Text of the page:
Press | to put the two files side by side in your main emacs frame, and then stretch your window nice and wide so you can see both files side by side clearly. Now click back on the small emacs window with the help text.

In your main window, you should see blocks of text that differ between the two buffers highlighted. Press n to move to the next difference and p to move to the previous difference. Press a to copy the text from the left-hand file to the right-hand file, or press b to copy text from the right-hand file to the left-hand file.

Press q to exit ediff and then save your files if you have modified them.

To make the experience a little smoother I add the following to my emacs config file:

;;;;;;;;;;;;;;;;;;;;;;;;;;;;;;;;;;;;;;;;;;;;;;;;;;;;;;;;;;;;;;;;;;;;;;;;;;;;
;; ediff                                                                  ;;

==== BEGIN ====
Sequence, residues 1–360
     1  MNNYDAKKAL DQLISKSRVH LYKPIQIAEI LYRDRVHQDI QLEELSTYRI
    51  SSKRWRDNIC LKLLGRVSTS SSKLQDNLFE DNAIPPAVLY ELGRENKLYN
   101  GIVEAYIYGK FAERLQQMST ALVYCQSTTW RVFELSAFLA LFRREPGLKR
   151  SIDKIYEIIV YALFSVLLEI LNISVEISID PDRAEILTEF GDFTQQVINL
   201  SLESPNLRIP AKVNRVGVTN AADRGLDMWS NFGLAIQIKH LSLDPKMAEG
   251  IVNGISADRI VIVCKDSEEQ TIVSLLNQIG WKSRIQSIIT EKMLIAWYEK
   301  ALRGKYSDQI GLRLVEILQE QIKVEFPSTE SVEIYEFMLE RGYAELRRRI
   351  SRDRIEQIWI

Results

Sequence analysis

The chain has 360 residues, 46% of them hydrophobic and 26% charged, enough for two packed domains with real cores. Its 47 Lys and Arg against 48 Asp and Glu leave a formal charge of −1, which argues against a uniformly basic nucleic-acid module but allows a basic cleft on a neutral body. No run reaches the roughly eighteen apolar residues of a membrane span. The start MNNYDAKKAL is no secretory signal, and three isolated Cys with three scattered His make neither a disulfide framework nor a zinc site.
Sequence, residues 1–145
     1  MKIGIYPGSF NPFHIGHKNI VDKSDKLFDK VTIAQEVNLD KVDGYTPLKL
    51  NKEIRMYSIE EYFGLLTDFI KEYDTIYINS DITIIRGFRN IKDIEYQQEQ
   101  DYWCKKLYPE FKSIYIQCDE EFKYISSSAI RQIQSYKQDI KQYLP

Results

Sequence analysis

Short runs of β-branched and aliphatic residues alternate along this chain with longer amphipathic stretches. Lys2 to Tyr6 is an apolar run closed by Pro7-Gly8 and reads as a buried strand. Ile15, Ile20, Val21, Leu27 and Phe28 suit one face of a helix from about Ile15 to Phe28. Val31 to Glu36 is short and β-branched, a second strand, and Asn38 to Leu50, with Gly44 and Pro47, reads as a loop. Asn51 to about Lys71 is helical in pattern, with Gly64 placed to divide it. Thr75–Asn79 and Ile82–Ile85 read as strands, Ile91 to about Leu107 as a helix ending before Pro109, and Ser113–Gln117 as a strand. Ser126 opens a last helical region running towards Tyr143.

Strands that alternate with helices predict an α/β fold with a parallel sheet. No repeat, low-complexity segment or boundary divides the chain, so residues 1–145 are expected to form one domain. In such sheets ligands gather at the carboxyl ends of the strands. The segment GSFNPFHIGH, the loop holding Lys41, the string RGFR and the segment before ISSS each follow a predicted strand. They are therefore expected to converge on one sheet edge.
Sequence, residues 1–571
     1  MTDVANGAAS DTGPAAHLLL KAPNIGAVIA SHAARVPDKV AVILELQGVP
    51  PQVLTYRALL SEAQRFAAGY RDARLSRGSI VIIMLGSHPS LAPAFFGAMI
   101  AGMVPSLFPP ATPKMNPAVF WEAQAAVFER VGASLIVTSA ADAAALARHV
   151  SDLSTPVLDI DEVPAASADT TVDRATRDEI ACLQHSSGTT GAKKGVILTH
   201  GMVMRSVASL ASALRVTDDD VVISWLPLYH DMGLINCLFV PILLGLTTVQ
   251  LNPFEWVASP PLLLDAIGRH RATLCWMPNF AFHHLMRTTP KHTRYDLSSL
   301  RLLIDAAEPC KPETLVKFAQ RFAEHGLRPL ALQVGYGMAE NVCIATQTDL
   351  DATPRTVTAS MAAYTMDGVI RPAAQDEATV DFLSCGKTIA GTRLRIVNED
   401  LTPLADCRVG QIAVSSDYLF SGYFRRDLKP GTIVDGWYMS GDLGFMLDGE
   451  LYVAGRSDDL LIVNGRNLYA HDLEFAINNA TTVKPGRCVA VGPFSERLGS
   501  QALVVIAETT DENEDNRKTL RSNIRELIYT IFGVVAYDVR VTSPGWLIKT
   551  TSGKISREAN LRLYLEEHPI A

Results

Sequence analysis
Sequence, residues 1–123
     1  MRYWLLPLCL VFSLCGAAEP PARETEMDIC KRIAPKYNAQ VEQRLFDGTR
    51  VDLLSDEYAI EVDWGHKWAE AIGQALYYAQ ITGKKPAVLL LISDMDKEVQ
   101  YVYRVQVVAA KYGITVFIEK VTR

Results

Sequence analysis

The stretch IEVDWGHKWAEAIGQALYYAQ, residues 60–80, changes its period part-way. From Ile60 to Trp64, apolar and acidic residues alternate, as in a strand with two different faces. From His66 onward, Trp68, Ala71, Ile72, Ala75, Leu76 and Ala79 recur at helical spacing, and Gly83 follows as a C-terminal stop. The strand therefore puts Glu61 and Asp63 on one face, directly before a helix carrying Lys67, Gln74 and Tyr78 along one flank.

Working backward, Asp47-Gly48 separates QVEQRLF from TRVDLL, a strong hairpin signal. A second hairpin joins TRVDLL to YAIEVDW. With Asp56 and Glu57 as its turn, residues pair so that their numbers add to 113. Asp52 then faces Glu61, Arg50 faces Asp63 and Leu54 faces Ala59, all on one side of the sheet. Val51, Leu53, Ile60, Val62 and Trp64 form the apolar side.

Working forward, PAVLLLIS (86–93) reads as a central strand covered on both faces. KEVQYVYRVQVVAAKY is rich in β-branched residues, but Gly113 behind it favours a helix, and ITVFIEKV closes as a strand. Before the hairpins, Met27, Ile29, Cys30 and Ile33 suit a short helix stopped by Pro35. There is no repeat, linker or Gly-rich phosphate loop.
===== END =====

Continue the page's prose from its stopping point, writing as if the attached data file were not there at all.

;;;;;;;;;;;;;;;;;;;;;;;;;;;;;;;;;;;;;;;;;;;;;;;;;;;;;;;;;;;;;;;;;;;;;;;;;;;;
(require 'ediff)
;; don't start another frame
;; this is done by default in preluse
(setq ediff-window-setup-function 'ediff-setup-windows-plain)
;; put windows side by side
(setq ediff-split-window-function (quote split-window-horizontally))
;;revert windows on exit - needs winner mode
(winner-mode)
(add-hook 'ediff-after-quit-hook-internal 'winner-undo)

3.2 Dired: Emacs as a file browser

Emacs has a powerful file browser built in. I'll introduce some of the things it can do here, and come back to this topic in future tips.

Use C-x d to enter dired mode (emacs' file browser), and give the path of a directory to open.

To move the cursor around you can use the arrow keys. Of course you can use emacs' usual tricks for moving around the buffer - e.g. C-s to search for a file name, or to jump to a particular file in dired, use j and then enter the name of the file or directory, and the cursor will jump to that point. You can also use > and < to move to the next or previous sub directory. Hitting ^ moves you up a level in the directory tree.

To open a file, move the cursor to the line containing a file and hit enter.